Welcome to the next CHUD List.

We’ve tackled our essentials list and the continued revelation of our Kills List from 2003, and now that we’ve begun the beguine, we must continue. Behold:

The CHUD.com Top 50 Disappointments.

A quick word on the criteria. We could very easily have spent this whole article discussing sequels and prequels and adaptations of television shows and called it a day. Instead, we tried to go a different route. Also, from a master list of over 100, the involved parties (Devin, Jeremy, Micah, Russ, and myself) all killed off a choice for each one we claimed. As a result, we’ll run a big list at the end of this of the ‘ones that got away’. So, here is day one of many where we chronicle the 50 Biggest Disappointments. Two a day, every week day for five weeks. In no particular order:

http://chud.com/nextraimages/memyirene.jpg#10 – Me, Myself & Irene (2000, dir. The Farrelly Brothers)

Talk about your titanic team-ups. Was there any onscreen comedy pairing more anticipated in the late 90s reunion of Jim Carrey and The Farrelly Brothers? They’d made a minor splash together mid-decade with Dumb and Dumber, but both parties had become red-hot since then – Carrey scoring with Batman Forever, the Ace Ventura sequel, and Liar, Liar and the Farrellys coming off of the phenomenon that was There’s Something About Mary – and the prospect of them at the height of their respective powers together seemed like a slam dunk. And then the Farrellys got a wee bit ambitious…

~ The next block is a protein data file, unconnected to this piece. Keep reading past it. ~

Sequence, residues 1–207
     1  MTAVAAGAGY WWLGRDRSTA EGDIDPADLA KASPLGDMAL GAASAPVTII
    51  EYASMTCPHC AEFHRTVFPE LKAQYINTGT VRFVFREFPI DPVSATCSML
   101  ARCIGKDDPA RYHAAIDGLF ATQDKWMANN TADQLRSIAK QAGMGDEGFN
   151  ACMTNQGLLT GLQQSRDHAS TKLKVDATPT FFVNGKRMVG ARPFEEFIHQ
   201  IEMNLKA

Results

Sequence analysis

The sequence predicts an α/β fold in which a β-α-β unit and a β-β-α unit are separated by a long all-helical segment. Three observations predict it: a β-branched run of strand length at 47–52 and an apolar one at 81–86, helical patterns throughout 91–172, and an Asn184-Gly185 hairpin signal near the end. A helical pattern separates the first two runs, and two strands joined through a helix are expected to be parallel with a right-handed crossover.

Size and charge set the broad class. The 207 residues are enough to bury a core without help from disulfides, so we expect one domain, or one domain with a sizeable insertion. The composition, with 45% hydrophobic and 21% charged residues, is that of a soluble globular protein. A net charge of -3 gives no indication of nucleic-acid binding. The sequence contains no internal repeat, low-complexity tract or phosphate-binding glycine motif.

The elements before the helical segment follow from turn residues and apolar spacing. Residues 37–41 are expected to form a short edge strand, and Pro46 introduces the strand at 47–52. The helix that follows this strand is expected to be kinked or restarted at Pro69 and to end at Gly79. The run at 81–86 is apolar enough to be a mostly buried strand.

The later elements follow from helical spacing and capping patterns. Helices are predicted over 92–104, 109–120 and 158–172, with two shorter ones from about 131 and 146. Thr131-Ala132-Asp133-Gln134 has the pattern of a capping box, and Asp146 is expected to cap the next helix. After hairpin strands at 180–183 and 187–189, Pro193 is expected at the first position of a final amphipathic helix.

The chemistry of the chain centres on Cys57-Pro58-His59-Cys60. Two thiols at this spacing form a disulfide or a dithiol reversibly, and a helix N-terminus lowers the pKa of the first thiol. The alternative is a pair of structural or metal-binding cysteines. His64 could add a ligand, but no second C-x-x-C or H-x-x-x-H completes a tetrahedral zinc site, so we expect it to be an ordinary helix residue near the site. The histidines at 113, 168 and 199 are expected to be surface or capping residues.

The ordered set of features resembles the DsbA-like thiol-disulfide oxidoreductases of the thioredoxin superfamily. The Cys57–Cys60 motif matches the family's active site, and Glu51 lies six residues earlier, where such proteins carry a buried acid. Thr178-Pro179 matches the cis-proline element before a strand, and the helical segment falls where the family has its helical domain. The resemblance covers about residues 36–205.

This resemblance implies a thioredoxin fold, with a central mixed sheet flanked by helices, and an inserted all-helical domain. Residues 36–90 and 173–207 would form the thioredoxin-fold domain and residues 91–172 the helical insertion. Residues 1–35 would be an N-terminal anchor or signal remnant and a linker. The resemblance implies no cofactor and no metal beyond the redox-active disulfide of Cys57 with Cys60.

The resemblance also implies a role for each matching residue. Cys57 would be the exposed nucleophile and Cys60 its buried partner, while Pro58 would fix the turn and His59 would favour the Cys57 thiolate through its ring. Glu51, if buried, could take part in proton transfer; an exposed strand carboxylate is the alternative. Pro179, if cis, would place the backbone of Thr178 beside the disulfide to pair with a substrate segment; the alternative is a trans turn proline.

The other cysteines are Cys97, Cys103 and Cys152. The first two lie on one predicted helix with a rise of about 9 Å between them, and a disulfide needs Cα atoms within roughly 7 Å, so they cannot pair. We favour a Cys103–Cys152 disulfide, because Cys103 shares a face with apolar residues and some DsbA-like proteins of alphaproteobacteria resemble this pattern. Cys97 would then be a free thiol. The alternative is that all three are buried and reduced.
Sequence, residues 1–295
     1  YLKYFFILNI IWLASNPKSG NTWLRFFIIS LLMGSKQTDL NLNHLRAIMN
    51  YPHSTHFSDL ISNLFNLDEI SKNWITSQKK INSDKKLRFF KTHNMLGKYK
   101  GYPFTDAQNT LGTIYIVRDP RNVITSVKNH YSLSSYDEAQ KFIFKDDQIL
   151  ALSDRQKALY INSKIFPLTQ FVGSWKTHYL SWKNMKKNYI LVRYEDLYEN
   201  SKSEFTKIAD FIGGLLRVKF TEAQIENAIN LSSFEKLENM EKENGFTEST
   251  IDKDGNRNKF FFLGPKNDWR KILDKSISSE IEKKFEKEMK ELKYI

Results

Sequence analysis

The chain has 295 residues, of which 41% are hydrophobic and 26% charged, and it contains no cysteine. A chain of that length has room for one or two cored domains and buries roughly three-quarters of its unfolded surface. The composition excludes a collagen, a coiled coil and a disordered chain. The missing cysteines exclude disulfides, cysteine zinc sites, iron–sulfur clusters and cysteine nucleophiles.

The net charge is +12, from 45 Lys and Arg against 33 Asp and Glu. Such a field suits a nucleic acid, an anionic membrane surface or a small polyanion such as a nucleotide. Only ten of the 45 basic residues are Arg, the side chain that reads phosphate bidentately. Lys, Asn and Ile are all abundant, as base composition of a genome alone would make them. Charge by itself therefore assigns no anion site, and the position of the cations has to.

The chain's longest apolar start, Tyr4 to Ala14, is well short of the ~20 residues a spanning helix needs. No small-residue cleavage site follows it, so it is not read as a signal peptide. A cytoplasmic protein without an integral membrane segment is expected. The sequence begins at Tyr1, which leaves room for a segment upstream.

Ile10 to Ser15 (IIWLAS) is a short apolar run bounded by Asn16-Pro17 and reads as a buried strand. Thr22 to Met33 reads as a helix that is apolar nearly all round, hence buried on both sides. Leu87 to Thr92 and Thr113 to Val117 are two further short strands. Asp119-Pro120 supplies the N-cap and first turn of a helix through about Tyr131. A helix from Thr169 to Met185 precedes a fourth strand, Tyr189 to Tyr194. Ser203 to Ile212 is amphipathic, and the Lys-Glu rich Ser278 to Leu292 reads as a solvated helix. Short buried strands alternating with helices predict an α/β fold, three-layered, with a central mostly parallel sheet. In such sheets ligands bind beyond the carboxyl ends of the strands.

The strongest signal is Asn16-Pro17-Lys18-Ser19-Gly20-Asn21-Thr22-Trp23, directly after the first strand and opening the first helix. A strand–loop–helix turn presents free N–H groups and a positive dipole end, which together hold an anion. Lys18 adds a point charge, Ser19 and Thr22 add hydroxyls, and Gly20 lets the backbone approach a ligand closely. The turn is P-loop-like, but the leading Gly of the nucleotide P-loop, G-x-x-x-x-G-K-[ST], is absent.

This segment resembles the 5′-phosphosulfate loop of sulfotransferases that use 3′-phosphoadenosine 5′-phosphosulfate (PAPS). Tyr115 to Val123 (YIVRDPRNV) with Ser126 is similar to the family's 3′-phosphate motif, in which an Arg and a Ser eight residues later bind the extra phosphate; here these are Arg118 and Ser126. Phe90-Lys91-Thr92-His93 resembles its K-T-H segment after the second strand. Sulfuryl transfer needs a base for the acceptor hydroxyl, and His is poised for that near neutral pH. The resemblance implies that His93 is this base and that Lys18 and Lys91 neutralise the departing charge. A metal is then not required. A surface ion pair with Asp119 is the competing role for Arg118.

That weird aspiration to make this their tour de force would prove to be their undoing. It’s not that Me, Myself & Irene is an unfunny film. There are moments of crude comic gold to be found scattered throughout the lengthy running time. And it’s not that they restrained themselves in hopes of even greater mainstream appeal. You get liberal sprinklings of racial humor, albino humor, and a variety of sightgags involving cocks (but not like you might think), tits, and everything else in-between on a scale far beyond their previous work. What sinks this film and utterly condemns it as a failure is that the Farrellys just couldn’t bring it all together in any coherent fashion. In a small bit of irony, the plot device driving the film is schizophrenia, and what word could better describe this bloated mess that uneasily shifts from juvenile humor to bland lovers-on-the-run romance in stops and starts?

Of course, it doesn’t help that they’re working with ingredients quite inferior to the inspired pairing of Cameron Diaz and Ben Still in Mary. While Carrey and Renee Zellweger struck up an offscreen romance, they have anti-chemistry here, and Zellweger’s Irene makes for a one-note, dull counterpoint to Carrey’s manic turn as Charlie/Hank. Making matters worse, the Farrellys became oddly enamored of their own weird ass narrative involving crooked cops, the EPA, Charlie’s un-stereotypically intelligent, yet still jive-ish black sons, and all sorts of other nonsense that should’ve met the business end of the Avid machine. While the best feature-length comedies are all about momentum – establishing a rhythm of jokes that builds, resulting in bigger and bigger payoffs – Me, Myself & Irene is choppy and taxing. It’s the sort of film that works on DVD because you can fish out the gold with your remote. But it’s certainly doesn’t approach watchability as a whole. Not even close.